A royalty is a use fee, charged by the owner of an asset, for the use of the asset.
Royalties, only older in historic terms by forms of barter, permit transactions involving the use, not necessarily the results of the use, of the royalty issuer’s asset. Royalties, land grants issued by members of royal families, to hunt, farm, mine and develop are a part of the history of many countries.
The owner of a racehorse may allow another qualified person to pay to Royalties enter the horse in a race and will receive a fee which may include a piece of the winnings, if any.
The owner or leaseholder of property may allow a miner or oil driller to explore the property for a fee, which may include participating in the extractions, if any.
The author of a book will allow a publisher to print and market the book for a fee, which may be solely a fixed amount or one which includes a fee based on the number of books sold.
The inventor of a device may license, exclusively or otherwise, the use of the invention for a fixed or variable fee.
Fees charged by professional athletes, attorneys, accountants, physicians, financial advisors, engineers, scientists, musicians, entertainment performers are all similar to royalties as they are compensation for the use of someone’s assets. It is also possible the asset may have been created and owned by a person now deceased, with payment owed by users to his or her estate.
Royalties can be used to acquire companies and a wide range of other assets as well in the recruitment of personnel and, of course, the use of patented royalty approaches.
Royalties or revenue royalties, as they are sometimes known as, are different. They are different as the asset made available for a fee, the royalty, is money. Yes, it is possible the owner of the cash may also be able to offer advice and other services to the royalty issuer, who agrees to pay a percentage of defined revenues for the money.
Royalties are for an agreed period and have specific terms and conditions, Royalties may also be transferable and therefore sold by the original owner to other qualified investors, with or without the permission of the royalty issuer.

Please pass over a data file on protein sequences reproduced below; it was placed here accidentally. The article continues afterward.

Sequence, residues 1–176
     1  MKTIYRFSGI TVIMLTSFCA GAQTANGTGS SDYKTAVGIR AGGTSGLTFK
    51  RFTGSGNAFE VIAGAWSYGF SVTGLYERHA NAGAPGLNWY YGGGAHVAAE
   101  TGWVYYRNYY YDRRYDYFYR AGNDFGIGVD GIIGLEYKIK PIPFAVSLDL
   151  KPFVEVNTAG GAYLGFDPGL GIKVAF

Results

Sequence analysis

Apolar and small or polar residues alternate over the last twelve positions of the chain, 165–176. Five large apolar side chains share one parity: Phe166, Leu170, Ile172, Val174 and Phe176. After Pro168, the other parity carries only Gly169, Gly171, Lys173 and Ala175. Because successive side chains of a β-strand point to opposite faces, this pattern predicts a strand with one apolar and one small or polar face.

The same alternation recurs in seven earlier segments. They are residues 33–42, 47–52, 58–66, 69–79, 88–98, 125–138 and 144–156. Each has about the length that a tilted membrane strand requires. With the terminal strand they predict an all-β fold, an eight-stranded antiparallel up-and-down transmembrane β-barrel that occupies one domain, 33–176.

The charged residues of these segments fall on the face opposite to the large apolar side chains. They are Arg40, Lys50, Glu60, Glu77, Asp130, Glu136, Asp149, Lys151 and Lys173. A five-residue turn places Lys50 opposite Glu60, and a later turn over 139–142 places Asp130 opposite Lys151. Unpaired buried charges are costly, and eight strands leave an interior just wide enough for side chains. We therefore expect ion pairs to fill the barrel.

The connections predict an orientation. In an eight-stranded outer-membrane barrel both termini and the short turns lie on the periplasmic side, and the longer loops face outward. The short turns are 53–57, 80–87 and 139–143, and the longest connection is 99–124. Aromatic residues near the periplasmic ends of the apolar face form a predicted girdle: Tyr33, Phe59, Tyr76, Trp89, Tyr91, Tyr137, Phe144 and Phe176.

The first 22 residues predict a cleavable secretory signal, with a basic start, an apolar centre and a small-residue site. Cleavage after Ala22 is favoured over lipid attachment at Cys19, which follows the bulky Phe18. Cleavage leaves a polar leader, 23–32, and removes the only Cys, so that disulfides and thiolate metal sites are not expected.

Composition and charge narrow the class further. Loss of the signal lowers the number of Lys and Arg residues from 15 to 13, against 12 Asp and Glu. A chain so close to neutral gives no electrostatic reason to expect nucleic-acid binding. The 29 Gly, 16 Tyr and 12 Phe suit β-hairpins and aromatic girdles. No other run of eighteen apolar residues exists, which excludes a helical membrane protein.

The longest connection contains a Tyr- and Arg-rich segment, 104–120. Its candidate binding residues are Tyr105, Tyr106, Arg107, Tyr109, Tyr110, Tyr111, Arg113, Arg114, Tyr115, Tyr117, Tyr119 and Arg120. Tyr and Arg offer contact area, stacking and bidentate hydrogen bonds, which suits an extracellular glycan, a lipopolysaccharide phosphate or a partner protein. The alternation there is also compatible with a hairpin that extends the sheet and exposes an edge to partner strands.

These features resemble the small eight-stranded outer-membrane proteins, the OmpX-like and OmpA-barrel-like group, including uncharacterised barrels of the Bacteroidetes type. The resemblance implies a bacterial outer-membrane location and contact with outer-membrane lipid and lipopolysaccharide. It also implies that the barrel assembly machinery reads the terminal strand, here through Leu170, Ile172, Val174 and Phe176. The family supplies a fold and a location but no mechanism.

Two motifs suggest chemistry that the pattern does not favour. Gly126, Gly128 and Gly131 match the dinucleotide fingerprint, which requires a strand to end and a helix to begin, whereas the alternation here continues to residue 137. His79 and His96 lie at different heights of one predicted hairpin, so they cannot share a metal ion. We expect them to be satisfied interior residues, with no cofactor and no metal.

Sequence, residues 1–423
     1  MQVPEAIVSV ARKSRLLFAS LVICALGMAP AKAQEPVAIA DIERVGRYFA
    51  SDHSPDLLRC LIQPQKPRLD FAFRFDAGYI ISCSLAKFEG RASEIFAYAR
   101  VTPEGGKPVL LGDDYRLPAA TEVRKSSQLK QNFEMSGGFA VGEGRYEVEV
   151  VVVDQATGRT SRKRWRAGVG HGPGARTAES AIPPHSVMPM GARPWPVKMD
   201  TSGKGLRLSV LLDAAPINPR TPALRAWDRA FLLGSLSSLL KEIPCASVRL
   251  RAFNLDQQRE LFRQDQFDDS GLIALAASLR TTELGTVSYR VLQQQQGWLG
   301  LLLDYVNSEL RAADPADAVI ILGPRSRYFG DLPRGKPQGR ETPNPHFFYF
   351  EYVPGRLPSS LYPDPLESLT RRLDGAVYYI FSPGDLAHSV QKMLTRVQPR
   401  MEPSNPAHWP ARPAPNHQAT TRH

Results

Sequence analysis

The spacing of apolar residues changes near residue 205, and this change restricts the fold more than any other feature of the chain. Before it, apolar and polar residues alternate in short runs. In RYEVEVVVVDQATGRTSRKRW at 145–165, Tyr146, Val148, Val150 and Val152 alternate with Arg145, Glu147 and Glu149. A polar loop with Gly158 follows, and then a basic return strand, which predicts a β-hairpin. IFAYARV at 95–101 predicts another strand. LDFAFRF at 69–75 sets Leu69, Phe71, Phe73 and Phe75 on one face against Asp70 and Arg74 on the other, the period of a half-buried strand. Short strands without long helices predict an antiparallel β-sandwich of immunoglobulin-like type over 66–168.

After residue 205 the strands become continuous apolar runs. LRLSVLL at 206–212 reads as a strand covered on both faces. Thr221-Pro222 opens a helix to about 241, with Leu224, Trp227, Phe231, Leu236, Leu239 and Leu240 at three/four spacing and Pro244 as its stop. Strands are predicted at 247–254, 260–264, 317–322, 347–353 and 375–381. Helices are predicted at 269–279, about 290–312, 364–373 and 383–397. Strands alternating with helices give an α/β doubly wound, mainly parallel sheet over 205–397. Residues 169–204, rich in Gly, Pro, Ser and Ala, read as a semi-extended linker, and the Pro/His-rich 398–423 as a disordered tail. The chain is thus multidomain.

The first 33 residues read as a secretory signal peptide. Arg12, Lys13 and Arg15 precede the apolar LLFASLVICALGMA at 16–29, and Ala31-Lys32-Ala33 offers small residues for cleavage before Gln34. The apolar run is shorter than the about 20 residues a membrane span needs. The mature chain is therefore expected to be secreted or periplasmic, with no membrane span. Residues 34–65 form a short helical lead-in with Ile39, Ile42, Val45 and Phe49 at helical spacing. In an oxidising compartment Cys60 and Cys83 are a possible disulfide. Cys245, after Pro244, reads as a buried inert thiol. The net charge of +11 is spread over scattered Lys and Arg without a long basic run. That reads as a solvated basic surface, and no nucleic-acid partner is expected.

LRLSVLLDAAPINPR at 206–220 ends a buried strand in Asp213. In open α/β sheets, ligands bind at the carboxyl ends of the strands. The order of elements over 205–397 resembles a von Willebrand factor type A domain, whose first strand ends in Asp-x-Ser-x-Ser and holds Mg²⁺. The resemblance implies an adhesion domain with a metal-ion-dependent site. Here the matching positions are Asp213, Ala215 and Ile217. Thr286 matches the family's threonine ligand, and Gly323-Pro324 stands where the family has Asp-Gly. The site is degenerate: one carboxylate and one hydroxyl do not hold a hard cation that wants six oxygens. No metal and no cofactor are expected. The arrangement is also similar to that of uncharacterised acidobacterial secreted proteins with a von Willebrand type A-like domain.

Royalties can be endorsed by other parties regarding assurance of the contractual compliance of the royalty issuing company.
In order to attract business owners, royalty issuers may have a right of redemption, permitting the termination of outstanding royalties on agreed terms, if the right is exercised in agreed periods.
In order to attract investors, the issuer of a royalty can agree, at the royalty investor’s option, to repurchase the royalty at the end of a 60-month period, for the investor’s cost, less royalties received. This feature may provide some comfort to the investor but it is unlikely any investor would exercise the option, ending the right to share in revenues, if the company was revenue generating at the time of permitted exercise.
Royalties can be issued and paid in any currency and for any period and are based on defined revenues. The revenues can be those relating to specified geographic areas or specified products or services.
Royalty issuers may attempt to acquire outstanding royalties from investors whenever and offering whatever amount or form of consideration they wish. They may also make tenders to all royalty investors indicating the price and terms of purchase. It is also possible that companies may establish a Dutch-auction pool of specified amount and agree to purchase the greatest number of royalty units possible, setting up a competition amongst investors as to those willing to accept the least amount.
There is no other financial instrument which can be used in so many different ways to acquire the use of such a broad array of assets as is the case with royalties. Our role and mission are to profit from educating both those with money to invest as well as those having revenue generating objectives to accomplish, regarding how they may use royalties for their mutual benefit.
Arthur Lipper, Chairman
British Far East Holdings Ltd.
858 793 7100
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